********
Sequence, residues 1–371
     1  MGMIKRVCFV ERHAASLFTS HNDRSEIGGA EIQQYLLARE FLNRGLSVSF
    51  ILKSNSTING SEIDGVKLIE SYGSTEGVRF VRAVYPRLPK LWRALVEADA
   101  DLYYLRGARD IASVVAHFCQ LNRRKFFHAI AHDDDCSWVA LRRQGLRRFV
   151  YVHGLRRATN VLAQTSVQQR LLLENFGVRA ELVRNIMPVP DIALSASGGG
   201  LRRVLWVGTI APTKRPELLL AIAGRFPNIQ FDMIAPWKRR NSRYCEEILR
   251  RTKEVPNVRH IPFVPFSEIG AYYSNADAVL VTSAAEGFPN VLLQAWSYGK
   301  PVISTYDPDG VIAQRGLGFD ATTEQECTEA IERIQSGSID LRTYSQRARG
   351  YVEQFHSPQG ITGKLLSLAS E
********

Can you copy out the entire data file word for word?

Sequence, residues 1–371
     1  MGMIKRVCFV ERHAASLFTS HNDRSEIGGA EIQQYLLARE FLNRGLSVSF
    51  ILKSNSTING SEIDGVKLIE SYGSTEGVRF VRAVYPRLPK LWRALVEADA
   101  DLYYLRGARD IASVVAHFCQ LNRRKFFHAI AHDDDCSWVA LRRQGLRRFV
   151  YVHGLRRATN VLAQTSVQQR LLLENFGVRA ELVRNIMPVP DIALSASGGG
   201  LRRVLWVGTI APTKRPELLL AIAGRFPNIQ FDMIAPWKRR NSRYCEEILR
   251  RTKEVPNVRH IPFVPFSEIG AYYSNADAVL VTSAAEGFPN VLLQAWSYGK
   301  PVISTYDPDG VIAQRGLGFD ATTEQECTEA IERIQSGSID LRTYSQRARG
   351  YVEQFHSPQG ITGKLLSLAS E